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IET/BCS talk: The Internet - Where it came from & where it is going

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IET/BCS evening talk

Synopsis

The Internet was born about 40 years ago out of early attempts to switch and route data. The first of two talks will look at those early steps, covering the evolution of the various elements such as packet switching, the ISO 7 layer model, Internet Protocols and the world wide web. The second talk will describe the Internet we know today, and conclude with some ideas on its future direction.

Roger Scantlebury – Consultant

From 1966 to 1977 Roger Scantlebury was in charge of the NPL Data Communication research team, reporting initially to DLA Barber and later directly to D W Davies, Superintendent of Computer Science Division. D W Davies is generally regarded as the father of Packet Switching, and Roger’s team built the pioneering network at the NPL . Their ideas were adopted (and expanded upon) by the ARPA network project (Department of Defence, USA ). The ARPA network expanded to cover the USA during the 1970s, and ultimately connected to other research networks internationally (including the NPL network). It was during this period that the idea of connecting together computers, attached to different networks, was pioneered, and the term ‘an inter-network’ was coined.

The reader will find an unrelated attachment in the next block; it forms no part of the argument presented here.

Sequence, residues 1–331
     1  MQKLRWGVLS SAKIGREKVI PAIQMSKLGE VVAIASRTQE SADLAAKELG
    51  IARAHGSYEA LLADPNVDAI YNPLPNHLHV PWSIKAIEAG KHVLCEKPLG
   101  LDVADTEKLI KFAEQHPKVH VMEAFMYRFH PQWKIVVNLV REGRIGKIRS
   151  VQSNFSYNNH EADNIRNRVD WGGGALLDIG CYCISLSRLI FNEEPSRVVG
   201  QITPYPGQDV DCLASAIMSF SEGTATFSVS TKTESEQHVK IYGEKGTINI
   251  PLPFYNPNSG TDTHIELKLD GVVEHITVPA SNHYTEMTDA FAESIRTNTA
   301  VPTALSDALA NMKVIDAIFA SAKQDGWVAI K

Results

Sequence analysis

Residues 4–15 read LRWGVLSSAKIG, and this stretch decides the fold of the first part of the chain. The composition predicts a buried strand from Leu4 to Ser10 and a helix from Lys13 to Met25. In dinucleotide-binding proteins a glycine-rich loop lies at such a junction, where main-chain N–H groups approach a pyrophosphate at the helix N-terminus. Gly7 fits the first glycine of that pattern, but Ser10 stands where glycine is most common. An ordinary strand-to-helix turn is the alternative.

Paul Shreve – Cisco

Having been in the Internet business for 20 years, Paul joined Cisco in 1994 as a consultant to Cisco’s European organisation. In this role Paul was responsible for designing major European Internets and the supervision of Systems Engineering on a project basis. Currently Paul is on the University of Texas Engineering Advisory Board (EAB). The council meets twice a year to review Engineering curriculum and advice the University on technology trends and developments.

Prior to joining Cisco Paul spent nine years with Advanced Computer Communications (ACC) whom he joined in 1984. Initially holding the role of Principle Systems Engineer working on a number of projects ranging from IP and IBM implementation to IP satellite technology, Paul became Director of Marketing before leaving in 1994. Paul graduated from the University of California Santa Barbara in 1978, becoming the Technical Manager for the University working with the implementation of IP protocols throughout the campus.

This talk is part of the Computer Laboratory Computer Architecture Group Meeting series.

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